Nothing should be simpler -- and tastier -- than putting food to flame. Then how come we always end up with overcharged chicken, underdone sirloin, and ribs that never, ever fall off the bone? Follow these nine tips and you will forever be king of the grill.
Photographs by Tom Schierlitz
1. The Fire
Whether you're working with gas or charcoal, the key to grilling successfully is achieving a hot zone and a cool zone. This allows you to position your steaks, burgers, ribs, etc., so you can develop a char over the hottest part of the grill and then slide the meat to the cooler area, which lets the interior cook through without burning the exterior. Heat levels on a gas grill are relatively easy to manipulate (just turn a few knobs), but the fact is, only charcoal will give you that perfect crust on a steak—it burns hotter and more consistently. You just have to know how to work the fire.
1. Your basic grocery-store briquettes are fine, but for a seriously aggressive fire, search out hardwood lump charcoal (but not mesquite; it's too fragrant).
2. After you've got the fire going (thanks to one of those chimney things, or an electric-filament starter, or if you must, fluid-soaked briquettes), don't do a thing till the flames die down. When the coals burn a glowing, dusty orange, it's time to start cooking.
3. With a set of long tongs, arrange the coals in a sloping bank so that one side lies low while the other side reaches 3 to 6 inches below where the grill will be set. This will be your hot zone, where you'll place your steak or burger to get that only-from-a-charcoal-grill char.
4. Remember, you're playing with fire—it tends to do what it wants. So grab a beer and a set of tongs and transfer your food around the grill when necessary. Don't be afraid to temporarily remove it from the grill entirely if the flames act up too much. Ultimately, you want the food cooked from the intense heat generated from the coals, not from the grease-fueled flames they emit.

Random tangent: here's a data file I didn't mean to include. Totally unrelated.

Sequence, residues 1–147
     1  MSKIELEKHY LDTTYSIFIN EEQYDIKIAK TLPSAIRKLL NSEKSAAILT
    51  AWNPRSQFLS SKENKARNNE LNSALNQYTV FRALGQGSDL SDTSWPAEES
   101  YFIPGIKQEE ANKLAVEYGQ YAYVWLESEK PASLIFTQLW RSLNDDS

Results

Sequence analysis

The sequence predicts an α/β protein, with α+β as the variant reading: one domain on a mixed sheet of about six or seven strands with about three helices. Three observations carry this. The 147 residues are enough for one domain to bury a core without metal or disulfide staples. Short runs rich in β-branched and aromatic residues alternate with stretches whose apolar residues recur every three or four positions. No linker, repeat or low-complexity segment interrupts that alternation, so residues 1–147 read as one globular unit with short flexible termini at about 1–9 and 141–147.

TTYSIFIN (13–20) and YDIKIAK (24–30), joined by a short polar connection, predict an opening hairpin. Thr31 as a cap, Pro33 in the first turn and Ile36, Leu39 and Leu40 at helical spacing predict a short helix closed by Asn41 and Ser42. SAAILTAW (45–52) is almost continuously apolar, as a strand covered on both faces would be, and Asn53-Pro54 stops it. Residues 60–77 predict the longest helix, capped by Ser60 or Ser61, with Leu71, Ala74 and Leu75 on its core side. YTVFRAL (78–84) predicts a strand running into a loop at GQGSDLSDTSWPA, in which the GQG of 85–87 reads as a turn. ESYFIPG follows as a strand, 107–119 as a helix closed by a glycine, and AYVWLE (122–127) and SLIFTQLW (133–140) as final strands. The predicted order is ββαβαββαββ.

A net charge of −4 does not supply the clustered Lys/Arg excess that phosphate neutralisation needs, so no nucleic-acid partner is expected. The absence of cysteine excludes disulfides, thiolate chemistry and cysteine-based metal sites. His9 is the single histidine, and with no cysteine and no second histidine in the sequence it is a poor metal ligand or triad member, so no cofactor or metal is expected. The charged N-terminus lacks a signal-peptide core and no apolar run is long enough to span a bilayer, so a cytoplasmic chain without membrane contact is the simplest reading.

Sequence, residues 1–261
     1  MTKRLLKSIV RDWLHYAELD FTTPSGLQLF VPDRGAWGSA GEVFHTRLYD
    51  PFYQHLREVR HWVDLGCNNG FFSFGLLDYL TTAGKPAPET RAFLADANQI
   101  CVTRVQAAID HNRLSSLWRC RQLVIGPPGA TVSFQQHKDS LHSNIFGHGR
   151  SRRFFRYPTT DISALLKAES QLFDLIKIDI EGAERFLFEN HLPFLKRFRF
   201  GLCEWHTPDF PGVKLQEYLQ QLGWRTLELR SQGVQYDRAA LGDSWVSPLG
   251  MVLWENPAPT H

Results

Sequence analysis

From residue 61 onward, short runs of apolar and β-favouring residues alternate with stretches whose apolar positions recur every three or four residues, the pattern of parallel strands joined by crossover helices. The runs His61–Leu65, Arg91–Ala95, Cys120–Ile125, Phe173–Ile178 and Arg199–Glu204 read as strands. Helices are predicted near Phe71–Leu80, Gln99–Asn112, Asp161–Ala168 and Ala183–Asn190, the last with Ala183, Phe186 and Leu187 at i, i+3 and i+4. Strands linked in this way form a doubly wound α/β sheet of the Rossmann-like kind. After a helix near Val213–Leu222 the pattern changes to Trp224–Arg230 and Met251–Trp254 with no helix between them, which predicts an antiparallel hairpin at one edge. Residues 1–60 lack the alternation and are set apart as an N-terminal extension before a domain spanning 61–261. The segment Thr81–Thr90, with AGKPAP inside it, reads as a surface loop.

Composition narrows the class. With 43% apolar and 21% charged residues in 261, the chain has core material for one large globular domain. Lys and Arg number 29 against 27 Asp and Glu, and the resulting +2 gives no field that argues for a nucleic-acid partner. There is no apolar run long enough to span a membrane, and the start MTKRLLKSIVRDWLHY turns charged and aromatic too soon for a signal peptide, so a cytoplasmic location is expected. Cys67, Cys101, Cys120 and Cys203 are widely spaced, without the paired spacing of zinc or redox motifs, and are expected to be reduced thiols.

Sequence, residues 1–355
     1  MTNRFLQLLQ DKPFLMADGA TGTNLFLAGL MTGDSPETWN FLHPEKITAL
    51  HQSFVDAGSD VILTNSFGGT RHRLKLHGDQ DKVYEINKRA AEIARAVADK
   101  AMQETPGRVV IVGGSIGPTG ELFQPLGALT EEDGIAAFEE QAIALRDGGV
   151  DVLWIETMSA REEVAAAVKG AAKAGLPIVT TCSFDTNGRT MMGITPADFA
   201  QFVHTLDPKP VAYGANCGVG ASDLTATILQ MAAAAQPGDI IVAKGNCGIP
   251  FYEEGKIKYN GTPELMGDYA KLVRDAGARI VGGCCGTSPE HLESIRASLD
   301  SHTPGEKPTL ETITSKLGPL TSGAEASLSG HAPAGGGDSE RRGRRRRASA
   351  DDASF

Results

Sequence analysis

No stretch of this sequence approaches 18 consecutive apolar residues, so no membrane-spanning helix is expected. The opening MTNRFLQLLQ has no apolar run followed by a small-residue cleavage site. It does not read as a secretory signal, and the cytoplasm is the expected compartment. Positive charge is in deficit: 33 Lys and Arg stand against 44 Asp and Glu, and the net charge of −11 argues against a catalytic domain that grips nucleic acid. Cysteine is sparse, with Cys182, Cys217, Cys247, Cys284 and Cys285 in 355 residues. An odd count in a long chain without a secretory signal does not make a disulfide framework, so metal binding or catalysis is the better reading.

2. The Steak
If you invest in high-quality cuts (you know, the ones that run you $20 a pound), the less you do to them, the better. A generous amount of salt and freshly ground pepper is all a Prime-grade rib eye, strip, or porterhouse needs. It's the lesser cuts, like skirt and flank steak, that require marinades. For the high-end steaks, how you grill them will determine how good they taste.
1. If you're using a gas grill, crank it up as high as possible. For charcoal, use plenty of briquettes—the hotter the better.
2. Place the steak over the hottest part of the grill (see The Fire) and cook until a deep-brown crust forms. Flip over and repeat.
3. Unless you like your steak very rare, slide it to the cooler part of the grill to cook for a few more minutes to bring it to medium-rare.
4. Remove steak from the grill and let rest on a cutting board for 5 minutes. Slice and serve on a platter, or plate each steak individually. And always remember the finishing touch: a sprinkle of kosher or sea salt.
3. The Burger
If you want to get fancy with your burger, go crazy with toppings. The burger itself should be a study in simplicity. Here's what you need to do.
1. Use freshly ground chuck, if you can find it. You want beef with about 20 percent fat content, which will guarantee a flavorful, juicy burger.
2. Season the meat with salt and pepper (no Worcestershire sauce, no minced onions), about a teaspoon each per pound of meat.
3. And here's the key: Form patties that are relatively thick but not bulbous, and pack them as loosely as possible—just enough so they hold together. You don't want dense, firm burgers. Texture is crucial. 4. Grill over relatively high heat, sliding from the hot part to the cooler part of the grill (see The Fire) to achieve proper doneness. And never press them down with a spatula. The fire doesn't need their juice; you do.